Several wars were fought. Fifty three mutineers including Chabila Sai, a brother of Surendra, died in a war that took place at Kudopli on December 30, 1857.
In another war fought at Singhoda on January 19, 1858 eleven mutineers were killed. Twenty fighters including the Zamindar of Bheden got killed in the war which took place on September 17, 1858. Many leaders including Ujjwal Sai, another brother of Surendra were caught and hanged.
But Nothing could not demoralise these warriors.
Many European soldiers died in war and illness. Frustration levels ran high when rebels took full control of the three roads and paralysed transportation of post between Bombay and Calcutta.
The services of Colonel Henry Forster of Sekhawati Brigade were sought since he had crushed the revolution in Chotanagpur easily. He used a combination of an iron hand and terror but Surendra could not be apprehended.
In 1861 Hastings, reviewed the whole situation and realized that it was not possible to apprehend Surendra because of the geography, his war tactics, recruitment of soldiers, support of local people and ability to collect funds.
The British not only seized the entire food-stock of the rebels but also stopped all resources of the supply of food and other necessaries of life for them.
Hastings convinced the higher authorities about the futility of fighting Surendra and got government approval for a Peace Accord.
All the Mutiny was crushed all over India within a short period but in Sambalpur it seems to be a never ending story.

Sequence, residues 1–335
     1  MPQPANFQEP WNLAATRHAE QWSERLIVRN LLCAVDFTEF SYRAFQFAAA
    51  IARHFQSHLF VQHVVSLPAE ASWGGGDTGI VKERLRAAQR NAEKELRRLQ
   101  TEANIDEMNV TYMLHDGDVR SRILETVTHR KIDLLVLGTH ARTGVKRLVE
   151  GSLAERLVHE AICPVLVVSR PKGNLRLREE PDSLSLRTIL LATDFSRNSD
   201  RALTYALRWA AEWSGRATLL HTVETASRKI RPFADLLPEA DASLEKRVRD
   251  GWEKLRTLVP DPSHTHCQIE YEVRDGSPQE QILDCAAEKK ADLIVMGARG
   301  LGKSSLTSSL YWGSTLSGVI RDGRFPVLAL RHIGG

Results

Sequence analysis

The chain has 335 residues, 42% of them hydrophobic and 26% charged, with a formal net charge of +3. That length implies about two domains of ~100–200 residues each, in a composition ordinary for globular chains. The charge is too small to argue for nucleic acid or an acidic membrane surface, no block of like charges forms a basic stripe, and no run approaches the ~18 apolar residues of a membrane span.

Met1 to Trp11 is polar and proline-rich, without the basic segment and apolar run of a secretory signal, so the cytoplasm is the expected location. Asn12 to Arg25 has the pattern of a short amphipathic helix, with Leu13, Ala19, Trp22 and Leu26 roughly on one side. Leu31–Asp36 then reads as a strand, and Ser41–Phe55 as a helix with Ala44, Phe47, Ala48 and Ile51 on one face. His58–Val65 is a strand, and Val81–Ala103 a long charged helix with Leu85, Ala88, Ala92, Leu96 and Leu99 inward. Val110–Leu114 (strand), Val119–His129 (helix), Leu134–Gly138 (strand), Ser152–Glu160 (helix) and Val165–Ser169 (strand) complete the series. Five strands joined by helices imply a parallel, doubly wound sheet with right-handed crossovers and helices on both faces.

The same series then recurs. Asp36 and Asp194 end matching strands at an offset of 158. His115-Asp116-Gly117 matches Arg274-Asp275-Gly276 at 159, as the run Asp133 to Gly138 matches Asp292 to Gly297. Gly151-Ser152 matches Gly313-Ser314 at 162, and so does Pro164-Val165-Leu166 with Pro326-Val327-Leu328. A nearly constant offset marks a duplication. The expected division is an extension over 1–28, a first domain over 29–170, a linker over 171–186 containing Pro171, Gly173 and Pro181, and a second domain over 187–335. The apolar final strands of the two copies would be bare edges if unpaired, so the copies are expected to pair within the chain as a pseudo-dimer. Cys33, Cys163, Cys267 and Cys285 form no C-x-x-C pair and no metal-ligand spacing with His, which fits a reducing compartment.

Surendra Sai, a warrior who was never defeated, surrendered with full faith in the British Government.
Finally there was peace between the British and the rebels in 1862. So rebels returned to their respective houses and started to live normally. Unfortunately Hastings and his wife died of illness.
The next Deputy Commissioner A B Cumberledge was a cunning man. Somehow he could not tolerate that rebels were getting pension and wished punishment for them.
So he roped in the Police S.P, Inspector and hatched a conspiracy. He arranged fake witness, prepared fake letters and on the basis of falsehood successfully convinced the high authorities that Surendra and his men were preparing themselves to attack and capture Sambalpur.
All ex- mutineers were arrested in a single night operation, as they were not aware of the conspiracy, whilst they slept in their respective houses.
The court awarded life imprisonment. But the High Court took note of falsehood and released all from the charges levelled against the seven principal accused. But Surendra and six others were detained.
Surendra had become blind when he died in captivity on 28th February of 1884. He remained in jail for a total period of 37 years.
The saga of Sambalpur Mutiny is a story of supreme heroism and sacrifice. Hastings who brought peace by his real intent of good will had no hesitation to declare that Surendra Sai was never defeated and would never be defeated.
This remark of the Deputy Commissioner of Sambalpur shows the strength and greatness of Surendra Sai. In fact his glorious struggle after the suppression of the Indian Revolution of 1857-58 against a vastly superior power for long four years is a unique achievement.
Dr Sindhu Prashanth